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Effect of vegetation distributions on water levels on the Overijsselse Vecht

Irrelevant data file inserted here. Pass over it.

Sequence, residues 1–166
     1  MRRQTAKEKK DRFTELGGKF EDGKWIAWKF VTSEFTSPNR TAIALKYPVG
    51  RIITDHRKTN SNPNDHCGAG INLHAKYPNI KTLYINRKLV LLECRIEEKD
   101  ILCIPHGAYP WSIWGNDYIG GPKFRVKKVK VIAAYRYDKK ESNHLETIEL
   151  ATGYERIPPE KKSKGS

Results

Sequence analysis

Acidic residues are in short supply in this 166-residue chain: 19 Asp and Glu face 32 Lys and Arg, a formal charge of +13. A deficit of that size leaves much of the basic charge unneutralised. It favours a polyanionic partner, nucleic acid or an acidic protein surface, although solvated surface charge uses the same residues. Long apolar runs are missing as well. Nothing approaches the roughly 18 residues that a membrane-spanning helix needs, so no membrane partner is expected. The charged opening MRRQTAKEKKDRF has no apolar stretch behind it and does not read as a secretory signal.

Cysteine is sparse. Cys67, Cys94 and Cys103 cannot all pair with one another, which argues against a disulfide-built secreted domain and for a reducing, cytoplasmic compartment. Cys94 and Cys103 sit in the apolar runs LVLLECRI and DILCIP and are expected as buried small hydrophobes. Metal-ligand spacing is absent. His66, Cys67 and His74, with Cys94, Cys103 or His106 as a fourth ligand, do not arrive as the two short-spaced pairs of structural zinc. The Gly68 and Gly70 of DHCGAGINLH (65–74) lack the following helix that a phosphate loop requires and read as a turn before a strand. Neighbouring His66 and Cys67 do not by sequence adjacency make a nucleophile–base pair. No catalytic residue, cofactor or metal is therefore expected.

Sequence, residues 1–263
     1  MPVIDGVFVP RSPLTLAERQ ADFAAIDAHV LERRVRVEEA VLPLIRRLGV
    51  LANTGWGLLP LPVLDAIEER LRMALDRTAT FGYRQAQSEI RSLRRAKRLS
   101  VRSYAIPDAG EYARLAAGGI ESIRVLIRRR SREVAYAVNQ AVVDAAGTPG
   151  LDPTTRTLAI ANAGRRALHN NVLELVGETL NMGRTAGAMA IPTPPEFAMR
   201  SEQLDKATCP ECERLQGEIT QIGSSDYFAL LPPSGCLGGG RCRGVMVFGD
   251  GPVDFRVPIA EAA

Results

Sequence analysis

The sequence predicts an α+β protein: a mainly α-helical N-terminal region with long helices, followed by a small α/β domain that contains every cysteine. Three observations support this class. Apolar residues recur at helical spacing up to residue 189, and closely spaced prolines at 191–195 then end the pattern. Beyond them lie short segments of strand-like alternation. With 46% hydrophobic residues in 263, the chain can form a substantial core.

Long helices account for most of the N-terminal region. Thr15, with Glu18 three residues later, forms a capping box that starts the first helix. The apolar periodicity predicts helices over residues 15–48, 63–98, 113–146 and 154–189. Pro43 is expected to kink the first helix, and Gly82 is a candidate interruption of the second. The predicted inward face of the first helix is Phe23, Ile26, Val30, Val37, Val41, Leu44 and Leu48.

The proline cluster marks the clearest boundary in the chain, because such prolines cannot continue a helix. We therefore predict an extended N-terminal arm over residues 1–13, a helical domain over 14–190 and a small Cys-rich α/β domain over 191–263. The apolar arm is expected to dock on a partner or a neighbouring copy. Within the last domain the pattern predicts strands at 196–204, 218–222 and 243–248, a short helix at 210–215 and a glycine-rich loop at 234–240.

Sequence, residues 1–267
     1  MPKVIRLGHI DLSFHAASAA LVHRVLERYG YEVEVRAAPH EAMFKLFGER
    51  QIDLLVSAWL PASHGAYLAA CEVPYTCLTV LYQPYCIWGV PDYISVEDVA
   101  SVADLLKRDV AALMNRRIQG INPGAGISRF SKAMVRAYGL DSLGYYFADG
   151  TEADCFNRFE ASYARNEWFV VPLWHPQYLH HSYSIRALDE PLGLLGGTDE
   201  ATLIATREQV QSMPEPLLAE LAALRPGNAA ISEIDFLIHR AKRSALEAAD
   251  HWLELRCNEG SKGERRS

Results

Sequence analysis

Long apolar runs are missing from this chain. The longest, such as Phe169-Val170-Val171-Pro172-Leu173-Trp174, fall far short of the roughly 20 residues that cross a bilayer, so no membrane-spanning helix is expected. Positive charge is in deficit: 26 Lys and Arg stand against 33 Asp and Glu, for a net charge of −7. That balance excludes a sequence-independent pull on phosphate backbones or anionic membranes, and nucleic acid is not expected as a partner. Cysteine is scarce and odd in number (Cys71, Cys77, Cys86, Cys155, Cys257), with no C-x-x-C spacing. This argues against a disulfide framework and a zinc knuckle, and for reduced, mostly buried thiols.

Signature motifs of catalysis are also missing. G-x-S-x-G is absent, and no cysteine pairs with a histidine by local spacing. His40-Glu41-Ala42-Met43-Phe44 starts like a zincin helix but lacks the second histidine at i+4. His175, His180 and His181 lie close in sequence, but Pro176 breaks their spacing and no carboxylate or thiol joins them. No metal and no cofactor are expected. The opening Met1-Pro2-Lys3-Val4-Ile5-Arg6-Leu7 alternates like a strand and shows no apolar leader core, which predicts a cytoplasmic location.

Massa, Joeri (2019) Effect of vegetation distributions on water levels on the Overijsselse Vecht.